"A leap into the unknown"
Winemaking was a dream that grew over nearly 20 years, from my own wine epiphany in my early 20s.
I grew up in England with a dad passionate about French wine and spent summer family holidays in the French provincial landscape. The memories are rosy and much of it stuck. I lived in London in my 20s during the vibrant wine bar scene of the 1980s and whilst I found work in the jewellery trade much of my time and wages were spent discovering new wines.
But the next two decades passed building a career in jewellery valuation, climbing to the rarefied air of Sotheby’s in Switzerland, working with socialites, aristocrats and captains of industry and handling fortunes in precious jewels.
Burgundy and the Rhône Valley were just over the border and called to me. While jewellery was glamourous, this world of privilege began to feel hollow and inauthentic. At 40 years’ old I decided to bring my wine dream to reality. I applied for an Australian student visa and enrolled in Wine Science at Charles Sturt University, which I graduated dux in 2005.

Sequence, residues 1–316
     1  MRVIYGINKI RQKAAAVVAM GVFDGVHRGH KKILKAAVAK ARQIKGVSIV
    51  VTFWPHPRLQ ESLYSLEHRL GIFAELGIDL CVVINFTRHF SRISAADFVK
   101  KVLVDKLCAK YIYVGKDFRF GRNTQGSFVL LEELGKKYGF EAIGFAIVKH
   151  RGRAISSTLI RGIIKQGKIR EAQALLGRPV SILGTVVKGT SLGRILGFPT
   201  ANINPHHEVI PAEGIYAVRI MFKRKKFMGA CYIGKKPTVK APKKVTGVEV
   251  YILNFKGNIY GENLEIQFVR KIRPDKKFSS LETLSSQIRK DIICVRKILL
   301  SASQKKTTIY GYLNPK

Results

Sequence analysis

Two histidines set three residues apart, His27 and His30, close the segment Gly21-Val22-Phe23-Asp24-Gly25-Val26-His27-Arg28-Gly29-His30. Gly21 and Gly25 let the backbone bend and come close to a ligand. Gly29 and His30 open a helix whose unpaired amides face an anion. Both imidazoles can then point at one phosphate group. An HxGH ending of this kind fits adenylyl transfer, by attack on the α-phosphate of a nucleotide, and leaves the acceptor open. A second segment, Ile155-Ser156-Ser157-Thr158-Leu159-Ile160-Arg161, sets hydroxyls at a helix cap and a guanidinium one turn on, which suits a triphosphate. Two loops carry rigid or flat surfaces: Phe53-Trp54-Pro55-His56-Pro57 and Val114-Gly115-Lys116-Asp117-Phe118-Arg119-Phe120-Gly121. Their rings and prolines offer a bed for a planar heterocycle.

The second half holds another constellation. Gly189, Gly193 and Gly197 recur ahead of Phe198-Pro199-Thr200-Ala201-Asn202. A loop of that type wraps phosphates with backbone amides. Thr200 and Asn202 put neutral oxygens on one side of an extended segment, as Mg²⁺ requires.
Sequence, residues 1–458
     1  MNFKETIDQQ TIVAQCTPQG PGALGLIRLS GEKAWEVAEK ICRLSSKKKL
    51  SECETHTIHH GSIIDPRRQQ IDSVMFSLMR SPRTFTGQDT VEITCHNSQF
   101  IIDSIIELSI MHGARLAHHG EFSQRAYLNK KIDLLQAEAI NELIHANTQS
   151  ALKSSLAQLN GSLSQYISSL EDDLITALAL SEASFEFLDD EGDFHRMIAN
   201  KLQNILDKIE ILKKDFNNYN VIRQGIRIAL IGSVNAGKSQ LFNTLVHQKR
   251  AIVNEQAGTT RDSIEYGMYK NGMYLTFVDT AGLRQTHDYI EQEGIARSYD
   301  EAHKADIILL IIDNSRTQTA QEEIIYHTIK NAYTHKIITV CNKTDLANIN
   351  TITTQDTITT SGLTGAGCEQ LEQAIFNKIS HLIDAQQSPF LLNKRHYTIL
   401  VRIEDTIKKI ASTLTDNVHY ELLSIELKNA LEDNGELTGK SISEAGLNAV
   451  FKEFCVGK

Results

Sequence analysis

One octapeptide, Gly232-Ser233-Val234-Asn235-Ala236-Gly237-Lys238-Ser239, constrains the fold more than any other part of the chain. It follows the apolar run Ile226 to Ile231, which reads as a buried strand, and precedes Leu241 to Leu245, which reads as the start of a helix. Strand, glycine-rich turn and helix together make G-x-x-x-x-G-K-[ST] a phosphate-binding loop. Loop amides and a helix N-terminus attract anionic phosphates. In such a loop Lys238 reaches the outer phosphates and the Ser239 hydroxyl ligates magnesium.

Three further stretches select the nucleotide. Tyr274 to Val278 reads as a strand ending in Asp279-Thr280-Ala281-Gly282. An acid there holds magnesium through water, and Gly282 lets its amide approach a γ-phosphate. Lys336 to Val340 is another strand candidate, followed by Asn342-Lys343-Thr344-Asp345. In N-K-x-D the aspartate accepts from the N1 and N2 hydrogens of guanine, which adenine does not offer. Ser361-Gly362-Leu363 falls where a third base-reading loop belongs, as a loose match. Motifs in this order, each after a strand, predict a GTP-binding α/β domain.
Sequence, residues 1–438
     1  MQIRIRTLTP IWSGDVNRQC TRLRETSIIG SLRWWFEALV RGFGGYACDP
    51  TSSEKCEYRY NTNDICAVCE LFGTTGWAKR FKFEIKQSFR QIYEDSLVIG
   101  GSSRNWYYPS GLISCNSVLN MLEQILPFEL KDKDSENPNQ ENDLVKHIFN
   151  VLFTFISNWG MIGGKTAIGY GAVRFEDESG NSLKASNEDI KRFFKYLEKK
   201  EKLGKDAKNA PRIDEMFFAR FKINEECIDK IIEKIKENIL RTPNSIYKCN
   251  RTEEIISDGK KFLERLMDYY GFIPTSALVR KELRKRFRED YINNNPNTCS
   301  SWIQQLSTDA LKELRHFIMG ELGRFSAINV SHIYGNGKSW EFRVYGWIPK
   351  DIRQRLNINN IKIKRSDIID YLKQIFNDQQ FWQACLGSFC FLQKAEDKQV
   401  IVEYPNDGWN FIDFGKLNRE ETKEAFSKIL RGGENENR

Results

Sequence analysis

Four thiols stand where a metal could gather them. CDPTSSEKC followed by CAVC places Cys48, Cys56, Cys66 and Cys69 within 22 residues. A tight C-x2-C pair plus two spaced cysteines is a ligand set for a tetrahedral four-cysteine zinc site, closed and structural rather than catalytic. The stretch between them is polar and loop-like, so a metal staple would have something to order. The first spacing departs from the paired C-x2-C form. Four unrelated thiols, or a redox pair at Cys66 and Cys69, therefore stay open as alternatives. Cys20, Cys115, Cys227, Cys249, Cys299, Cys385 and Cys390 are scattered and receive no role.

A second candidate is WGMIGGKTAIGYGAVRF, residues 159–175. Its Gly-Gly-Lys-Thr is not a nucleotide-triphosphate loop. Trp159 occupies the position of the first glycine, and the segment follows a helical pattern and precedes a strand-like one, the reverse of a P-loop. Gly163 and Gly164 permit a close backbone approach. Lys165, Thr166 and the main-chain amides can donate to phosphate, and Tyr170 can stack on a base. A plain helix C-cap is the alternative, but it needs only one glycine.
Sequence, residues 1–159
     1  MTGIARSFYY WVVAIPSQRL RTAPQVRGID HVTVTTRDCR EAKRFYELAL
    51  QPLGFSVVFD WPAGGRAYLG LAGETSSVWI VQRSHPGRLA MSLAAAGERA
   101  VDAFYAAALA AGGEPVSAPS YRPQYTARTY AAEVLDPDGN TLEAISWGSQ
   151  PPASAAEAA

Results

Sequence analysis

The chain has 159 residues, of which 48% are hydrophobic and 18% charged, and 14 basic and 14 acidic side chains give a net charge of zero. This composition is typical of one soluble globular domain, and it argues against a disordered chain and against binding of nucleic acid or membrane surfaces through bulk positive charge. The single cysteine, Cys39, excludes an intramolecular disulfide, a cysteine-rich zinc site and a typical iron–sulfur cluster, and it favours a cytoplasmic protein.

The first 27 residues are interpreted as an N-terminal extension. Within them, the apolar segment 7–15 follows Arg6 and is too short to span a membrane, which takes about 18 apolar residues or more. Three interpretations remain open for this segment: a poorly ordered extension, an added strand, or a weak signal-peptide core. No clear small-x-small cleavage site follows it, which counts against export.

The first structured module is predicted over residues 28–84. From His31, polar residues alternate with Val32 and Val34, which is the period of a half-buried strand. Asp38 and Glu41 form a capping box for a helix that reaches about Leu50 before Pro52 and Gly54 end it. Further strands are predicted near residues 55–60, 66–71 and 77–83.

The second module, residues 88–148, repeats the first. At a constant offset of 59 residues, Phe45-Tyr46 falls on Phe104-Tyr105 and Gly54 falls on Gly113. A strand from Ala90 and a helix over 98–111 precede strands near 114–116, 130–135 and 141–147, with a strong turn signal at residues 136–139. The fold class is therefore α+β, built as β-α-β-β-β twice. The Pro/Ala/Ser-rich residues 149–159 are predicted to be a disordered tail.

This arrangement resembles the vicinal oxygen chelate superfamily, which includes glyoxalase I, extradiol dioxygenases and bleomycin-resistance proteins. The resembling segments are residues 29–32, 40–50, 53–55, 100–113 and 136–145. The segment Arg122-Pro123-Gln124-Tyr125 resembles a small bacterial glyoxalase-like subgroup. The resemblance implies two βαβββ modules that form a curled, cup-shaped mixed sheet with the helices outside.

I took advantage of the inverse hemisphere seasons and worked stints in Australia with Cullen, Giaconda, Henschke, Shaw + Smith, Coldstream Hills and Veritas; in France with Domaine Leflaive, Meo-Camuzet, Vieux Telegraphe and Trevallon. I then spent four formative years as winemaker for Barossa contract winemaker, Rocland Estate.
It was a leap into the unknown, even though there are echoes of the meticulousness of my old work. There’s a resemblance between perceiving tiny distinctions of colour and purity in a gem and the multitude of nuances to be coaxed into a wine’s fullest expression – both of which can influence perceived value by many orders of magnitude.
Recognising and championing these variations and subtleties can be the difference between a good wine and a truly memorable experience.